pfwein wrote:
The concern that falling free soloers will lead to access problems also seems a bit misguided seeing as how that has never happened


Concerns about liability are often raised as justification for restricing access. Greater incidents of climbing accidents (of any kind, including free-soloing fatalities) increase the sentiment of the general public that climbing = accidents. The more sensational the accident, the more likely the public will hear about it. Where there are accidents, there are lawyers.


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By Daryl Allan
From Sierra Vista, AZ
Sep 21, 2009
Me and my Fetish I guess.. ;)

Thanks for posting your sobering account, Tim.

I recently spoke with our local FS rangers regarding the closure of this area and they mentioned that it was, in fact, closed due to un-roped climbing/scrambling (more details in Kerry's area description).

Would FS or park officials have considered the deaths of un-roped, experienced climbers differently?


Edit:: To put it another way; since routes existed at this area when the closure was enforced, we can say this was the closure of an established climbing area. That being said, had all of the many deaths that had taken place at this area been experienced, yet unroped, climbers, does anyone think the closure would not have been enforced?


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By Tim Kline
From Littleton, co
Sep 21, 2009
Classic climb called Gossamer in the monster area of Rushmore

Just to clear the air here, I am not trying to judge anybody that free solo's, it's not my life you're playing with. And sure you can get pissed by me simply cautioning you from this activity, just like a smoker would if I told him he's going to get cancer by smoking. But I don't think I'm going to defend myself any longer on trying to simply put a word of caution to the climbing community regarding this. I could argue with people about this all day, but the point is that if you are bound and determined to do this I won't change your mind, but I'm hoping there is that one person out there that says to themselves, maybe this guy is right. If I can reach one person out there, then that's one less person Search and Rescue will have to reach. Once again I apologize if I offend anybody in this post, it's not my intentions... I'm going to end this by saying, just stay safe out there and whether you're soloing of climbing with a partner, be safe!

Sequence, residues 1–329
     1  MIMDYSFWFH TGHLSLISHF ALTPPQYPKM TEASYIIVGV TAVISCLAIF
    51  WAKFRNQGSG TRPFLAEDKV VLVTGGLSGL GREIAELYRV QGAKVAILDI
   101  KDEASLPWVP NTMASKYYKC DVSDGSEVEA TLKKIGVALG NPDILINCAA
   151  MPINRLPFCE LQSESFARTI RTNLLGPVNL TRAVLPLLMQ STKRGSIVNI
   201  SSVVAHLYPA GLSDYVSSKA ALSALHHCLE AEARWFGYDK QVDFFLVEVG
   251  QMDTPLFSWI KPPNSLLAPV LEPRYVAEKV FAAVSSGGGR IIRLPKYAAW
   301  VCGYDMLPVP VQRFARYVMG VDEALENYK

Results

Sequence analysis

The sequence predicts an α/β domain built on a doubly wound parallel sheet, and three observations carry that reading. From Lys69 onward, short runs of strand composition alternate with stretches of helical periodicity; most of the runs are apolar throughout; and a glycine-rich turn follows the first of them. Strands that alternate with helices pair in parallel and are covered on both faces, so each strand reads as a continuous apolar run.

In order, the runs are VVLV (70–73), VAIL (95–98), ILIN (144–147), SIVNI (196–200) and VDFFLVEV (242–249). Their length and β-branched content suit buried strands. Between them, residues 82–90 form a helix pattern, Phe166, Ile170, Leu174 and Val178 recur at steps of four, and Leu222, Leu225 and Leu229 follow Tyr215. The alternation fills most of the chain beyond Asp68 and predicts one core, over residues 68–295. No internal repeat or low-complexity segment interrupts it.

By the way, thanks to everybody else who does see that I'm just trying to put a word of caution out. I appreciate your support. I appreciate the arguments as well, it's great to be able to have a healthy debate on these topics!!


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By slim
Administrator
Sep 21, 2009
tomato, tomotto, kill mike amato.

ditto what mono said, pretty much verbatim.


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By pfwein
Sep 21, 2009

Monomaniac wrote:
Concerns about liability are often raised as justification for restricing access. Greater incidents of climbing accidents (of any kind, including free-soloing fatalities) increase the sentiment of the general public that climbing = accidents. The more sensational the accident, the more likely the public will hear about it. Where there are accidents, there are lawyers.


That we live in overly litigious society seems to be the accepted wisdom, but people take that view to unwarranted extremes.
Does anyone know of even a single instance where a free soloer (including his estate) has sued a landowner or anyone else as a result of the soloist's activities (much less prevailed in the suit)?

It can be comforting to blame all manner of problems in society on lawyers, but problems relating to free soloers and climbing access?

(There have been a few lawsuits relating to roped climbers that I'm familiar with, but regardless of their merits, they have nothing to do with free soloing and climbing access.)

Just to be clear, I don't mean to overly criticize Tim Kline or anyone else for suggesting that would-be soloers think twice. But that's kind of like the ridiculous warnings (that you CAN rightly blame on lawyers) for things like "coffee is hot."


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By pfwein
Sep 21, 2009

Daryl Allan wrote: